H2Ohio plan endorsed by ag collaboration

Staff Writer

The Ohio Agriculture Conservation Initiative, a collaboration of agricultural, conservation, environmental and research organizations formed early this year to address Ohio’s water quality issues, is endorsing Gov. Mike DeWine’s clean water initiative.
Heather Taylor-Miesle, co-chair of OACI and executive director of the Ohio Environmental Council, said the initiative will foster sharing of information among various agencies.
“OACI’s core components of farm-specific planning and certification, along with robust science-based research, will be critical to enhance the understanding of impacts on the state’s waterways and identifying comprehensive solutions to address the complexities of Ohio’s water quality. It is essential that Ohio’s water quality advocates continue to share information across environmental and agricultural communities, collaborate on forward-thinking solutions, and secure long-term investments,” she said.

Scott Higgins, a co-chairman of OACI and chief executive officer of the Ohio Dairy Association, said the clean water initiative will provide a format for growers to implement best practices.
“Ohio’s farmers have long demonstrated their commitment to doing what is right for Ohio’s waterways, and OACI is acutely aware that some farmers need support in implementing water quality best practices. OACI recognizes this is best done through baseline establishment of practices and increased promotion and education within the farm community. There are approximately 75,000 farmers in the state of Ohio, with about 17,000 farmers located in the Western Lake Erie Basin,” he said.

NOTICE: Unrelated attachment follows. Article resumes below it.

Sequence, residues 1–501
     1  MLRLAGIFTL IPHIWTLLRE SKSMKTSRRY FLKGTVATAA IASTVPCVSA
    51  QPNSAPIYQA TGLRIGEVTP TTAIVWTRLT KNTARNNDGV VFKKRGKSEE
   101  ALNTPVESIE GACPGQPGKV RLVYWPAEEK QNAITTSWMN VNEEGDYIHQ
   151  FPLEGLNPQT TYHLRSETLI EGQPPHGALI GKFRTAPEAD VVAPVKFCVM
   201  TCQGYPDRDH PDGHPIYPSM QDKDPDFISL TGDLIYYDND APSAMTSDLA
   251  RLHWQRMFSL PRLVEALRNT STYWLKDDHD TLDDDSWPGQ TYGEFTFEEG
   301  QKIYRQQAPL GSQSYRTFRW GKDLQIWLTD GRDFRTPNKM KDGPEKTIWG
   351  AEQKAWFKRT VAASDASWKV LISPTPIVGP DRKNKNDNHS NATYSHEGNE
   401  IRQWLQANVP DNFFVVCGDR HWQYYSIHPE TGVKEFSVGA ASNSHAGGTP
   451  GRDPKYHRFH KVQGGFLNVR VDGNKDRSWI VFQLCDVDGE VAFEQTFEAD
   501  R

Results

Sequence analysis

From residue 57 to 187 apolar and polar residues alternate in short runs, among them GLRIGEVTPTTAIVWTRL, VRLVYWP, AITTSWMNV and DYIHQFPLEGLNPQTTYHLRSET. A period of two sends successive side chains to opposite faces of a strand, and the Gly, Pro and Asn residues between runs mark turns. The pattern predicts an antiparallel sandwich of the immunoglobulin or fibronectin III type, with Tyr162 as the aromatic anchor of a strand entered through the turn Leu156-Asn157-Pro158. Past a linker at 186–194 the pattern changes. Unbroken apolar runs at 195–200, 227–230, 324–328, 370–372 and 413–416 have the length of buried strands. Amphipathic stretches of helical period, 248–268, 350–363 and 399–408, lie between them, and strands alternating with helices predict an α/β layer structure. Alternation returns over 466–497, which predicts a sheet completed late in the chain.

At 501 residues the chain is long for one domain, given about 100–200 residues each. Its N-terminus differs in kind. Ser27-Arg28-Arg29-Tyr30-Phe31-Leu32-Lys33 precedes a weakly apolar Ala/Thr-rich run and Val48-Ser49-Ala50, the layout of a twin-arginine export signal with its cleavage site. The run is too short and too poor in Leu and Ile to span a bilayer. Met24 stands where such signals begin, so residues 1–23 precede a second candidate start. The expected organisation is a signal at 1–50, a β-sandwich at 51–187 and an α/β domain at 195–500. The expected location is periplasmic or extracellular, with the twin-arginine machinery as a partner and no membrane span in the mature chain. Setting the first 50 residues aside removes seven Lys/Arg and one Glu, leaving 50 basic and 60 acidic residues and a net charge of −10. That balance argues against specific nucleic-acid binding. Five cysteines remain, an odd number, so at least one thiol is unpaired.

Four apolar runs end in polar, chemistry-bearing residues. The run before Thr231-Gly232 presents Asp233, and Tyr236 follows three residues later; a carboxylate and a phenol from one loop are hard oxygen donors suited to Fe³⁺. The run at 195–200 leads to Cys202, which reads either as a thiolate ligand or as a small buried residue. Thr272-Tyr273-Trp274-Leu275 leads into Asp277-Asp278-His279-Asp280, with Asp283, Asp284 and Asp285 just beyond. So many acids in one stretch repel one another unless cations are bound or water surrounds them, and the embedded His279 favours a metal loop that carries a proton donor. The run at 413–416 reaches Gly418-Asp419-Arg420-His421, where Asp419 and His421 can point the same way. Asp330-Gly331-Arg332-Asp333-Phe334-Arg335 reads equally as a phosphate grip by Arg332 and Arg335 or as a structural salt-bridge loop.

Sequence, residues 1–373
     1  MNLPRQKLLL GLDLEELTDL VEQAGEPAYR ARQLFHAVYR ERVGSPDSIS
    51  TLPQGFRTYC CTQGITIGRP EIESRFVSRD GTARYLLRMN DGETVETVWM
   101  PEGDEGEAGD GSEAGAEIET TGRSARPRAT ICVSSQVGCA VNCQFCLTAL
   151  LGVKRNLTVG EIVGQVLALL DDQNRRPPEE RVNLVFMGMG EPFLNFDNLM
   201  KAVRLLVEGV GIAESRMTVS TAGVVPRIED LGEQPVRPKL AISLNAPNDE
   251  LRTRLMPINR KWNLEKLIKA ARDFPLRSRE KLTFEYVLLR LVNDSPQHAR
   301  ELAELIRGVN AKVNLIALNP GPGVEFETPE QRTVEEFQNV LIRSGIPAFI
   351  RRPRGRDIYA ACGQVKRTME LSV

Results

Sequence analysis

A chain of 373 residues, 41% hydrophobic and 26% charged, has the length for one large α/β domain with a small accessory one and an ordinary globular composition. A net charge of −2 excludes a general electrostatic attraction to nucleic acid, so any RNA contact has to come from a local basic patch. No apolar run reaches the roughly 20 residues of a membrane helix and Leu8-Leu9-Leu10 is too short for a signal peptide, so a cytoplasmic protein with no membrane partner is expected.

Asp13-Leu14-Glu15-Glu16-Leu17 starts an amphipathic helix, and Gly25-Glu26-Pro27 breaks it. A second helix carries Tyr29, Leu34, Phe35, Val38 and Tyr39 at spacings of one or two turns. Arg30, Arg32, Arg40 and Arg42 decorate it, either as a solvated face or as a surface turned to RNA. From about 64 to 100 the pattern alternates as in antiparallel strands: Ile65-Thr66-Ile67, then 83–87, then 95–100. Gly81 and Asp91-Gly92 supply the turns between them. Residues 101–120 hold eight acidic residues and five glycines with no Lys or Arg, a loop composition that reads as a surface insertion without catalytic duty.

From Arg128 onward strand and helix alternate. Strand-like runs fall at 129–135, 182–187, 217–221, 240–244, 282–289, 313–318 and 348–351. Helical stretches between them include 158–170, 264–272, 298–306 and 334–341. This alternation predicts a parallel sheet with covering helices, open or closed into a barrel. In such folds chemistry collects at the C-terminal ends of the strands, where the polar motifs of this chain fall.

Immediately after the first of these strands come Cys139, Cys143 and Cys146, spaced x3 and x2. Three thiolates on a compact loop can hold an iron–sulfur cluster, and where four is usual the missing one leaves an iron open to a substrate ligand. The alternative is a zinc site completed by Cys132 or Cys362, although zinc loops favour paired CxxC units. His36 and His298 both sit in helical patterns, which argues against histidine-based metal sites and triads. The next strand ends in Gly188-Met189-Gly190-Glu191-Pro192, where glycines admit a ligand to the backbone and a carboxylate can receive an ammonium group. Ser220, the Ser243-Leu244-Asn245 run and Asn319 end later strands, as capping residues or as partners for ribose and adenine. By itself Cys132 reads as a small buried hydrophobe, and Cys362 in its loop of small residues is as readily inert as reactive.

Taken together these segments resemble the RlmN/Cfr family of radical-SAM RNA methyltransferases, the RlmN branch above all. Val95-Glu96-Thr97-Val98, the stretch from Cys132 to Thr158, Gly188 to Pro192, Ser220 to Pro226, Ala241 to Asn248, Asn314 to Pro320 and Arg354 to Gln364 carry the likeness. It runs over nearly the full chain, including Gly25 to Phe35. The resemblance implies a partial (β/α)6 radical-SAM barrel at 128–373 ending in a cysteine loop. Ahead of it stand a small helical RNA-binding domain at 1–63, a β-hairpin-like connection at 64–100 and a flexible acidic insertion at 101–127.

The OACI has been developing a benchmark of agricultural best practices and creating a framework for voluntary certification of Ohio’s farms.
It will establish a baseline of current conservation and nutrient management efforts on farm fields and build farmer participation in a new certification program.

Prevent algal blooms
Gov. DeWine recently unveiled his H2Ohio plan in Toledo to reduce harmful algal blooms, improve wastewater infrastructure, and prevent lead contamination.
“We have a moral obligation to preserve and protect our natural resources,” Governor DeWine said during a presentation at the National Museum of the Great Lakes in Toledo. “My H2Ohio plan is a dedicated, holistic water quality strategy with long-lasting solutions to address the causes of Ohio’s water problems, not just the symptoms.”
He described the plan as an investment in targeted solutions to help reduce phosphorus runoff and prevent algal blooms through increased implementation of agricultural best practices and the creation of wetlands; improve wastewater infrastructure; replace failing home septic systems; and prevent lead contamination in high-risk daycare centers and schools.
The state legislature allocated $172 million for the plan in July.


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